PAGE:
“Some knew [Scott Lilienfeld] as a professor of clinical psychology; others as a general psychologist or a critic of pseudoscience. His work in each area was so remarkable that you might think there were three of him.”– Chris Martin, Postdoctoral Fellow at the Georgia Institute of Technology and a co-founder of Heterodox Academy
Psychologist Scott Lilienfeld, a tireless ambassador of the psychological sciences to non-scientific audiences, died of pancreatic cancer on September 30. He was 59.
“He was extraordinarily dedicated to education at all levels, including the general public…he wanted to help people learn to think critically so that they could become better citizens”, said Patricia Brennan, professor and chair of Emory’s Department of Psychology, where Lilienfeld was the Samuel Candler Dobbs Professor of Psychology.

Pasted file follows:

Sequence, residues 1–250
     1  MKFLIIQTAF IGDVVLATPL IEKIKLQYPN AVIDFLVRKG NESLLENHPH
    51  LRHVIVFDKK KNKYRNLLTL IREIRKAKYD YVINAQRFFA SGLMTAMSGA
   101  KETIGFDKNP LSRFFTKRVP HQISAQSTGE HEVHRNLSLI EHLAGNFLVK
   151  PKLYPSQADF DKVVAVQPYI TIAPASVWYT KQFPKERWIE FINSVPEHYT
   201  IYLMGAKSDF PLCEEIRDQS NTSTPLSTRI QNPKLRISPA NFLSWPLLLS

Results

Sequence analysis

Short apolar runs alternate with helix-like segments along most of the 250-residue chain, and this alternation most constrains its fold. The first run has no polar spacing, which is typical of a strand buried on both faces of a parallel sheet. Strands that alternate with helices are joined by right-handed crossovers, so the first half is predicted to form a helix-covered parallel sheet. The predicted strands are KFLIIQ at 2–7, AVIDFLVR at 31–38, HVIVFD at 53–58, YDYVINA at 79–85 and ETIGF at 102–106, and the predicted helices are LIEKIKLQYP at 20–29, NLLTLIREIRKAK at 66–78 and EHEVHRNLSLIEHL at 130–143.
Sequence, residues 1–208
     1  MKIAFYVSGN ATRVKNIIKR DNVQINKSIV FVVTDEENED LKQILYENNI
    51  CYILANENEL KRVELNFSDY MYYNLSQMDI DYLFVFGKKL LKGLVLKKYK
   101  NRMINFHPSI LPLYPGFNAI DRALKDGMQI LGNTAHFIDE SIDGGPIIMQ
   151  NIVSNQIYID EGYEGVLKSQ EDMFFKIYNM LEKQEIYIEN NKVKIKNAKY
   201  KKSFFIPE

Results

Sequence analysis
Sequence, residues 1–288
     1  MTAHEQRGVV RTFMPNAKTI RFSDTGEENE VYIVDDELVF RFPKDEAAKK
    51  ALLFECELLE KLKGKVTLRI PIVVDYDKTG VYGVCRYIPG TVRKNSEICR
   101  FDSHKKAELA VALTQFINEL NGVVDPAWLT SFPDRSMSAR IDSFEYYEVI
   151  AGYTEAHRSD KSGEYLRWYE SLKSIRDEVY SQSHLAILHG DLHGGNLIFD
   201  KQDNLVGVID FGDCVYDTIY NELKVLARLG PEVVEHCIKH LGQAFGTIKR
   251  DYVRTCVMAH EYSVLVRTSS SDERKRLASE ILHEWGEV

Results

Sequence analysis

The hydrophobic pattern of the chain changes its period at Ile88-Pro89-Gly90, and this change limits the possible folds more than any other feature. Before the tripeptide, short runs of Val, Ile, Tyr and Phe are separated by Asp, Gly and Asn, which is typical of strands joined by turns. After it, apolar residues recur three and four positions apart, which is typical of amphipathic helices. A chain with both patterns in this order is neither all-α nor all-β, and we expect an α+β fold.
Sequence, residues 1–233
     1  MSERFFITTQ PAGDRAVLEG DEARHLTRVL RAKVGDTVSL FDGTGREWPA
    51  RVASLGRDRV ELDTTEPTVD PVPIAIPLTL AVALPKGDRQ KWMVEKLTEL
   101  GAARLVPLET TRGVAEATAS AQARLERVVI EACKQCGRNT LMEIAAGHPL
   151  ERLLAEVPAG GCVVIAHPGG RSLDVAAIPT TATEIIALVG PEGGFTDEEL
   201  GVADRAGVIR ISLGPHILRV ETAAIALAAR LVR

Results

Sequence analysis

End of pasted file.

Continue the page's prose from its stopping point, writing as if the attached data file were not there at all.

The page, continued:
In the academy, Lilienfeld was well known for his work on clinical psychology, and his pursuit of rigor there evolved so that on the larger stage he was a known for challenging second-rate psychology or of pseudo-science masquerading as psychology. Those who knew him, like Chris Martin, said was not a cynic but was a skeptic (his Psychology Today blog was named The Skeptical Psychologist and he was a consulting editor for Skeptical Inquirer magazine), whether in the classroom, on a dais, or as a writer and editor.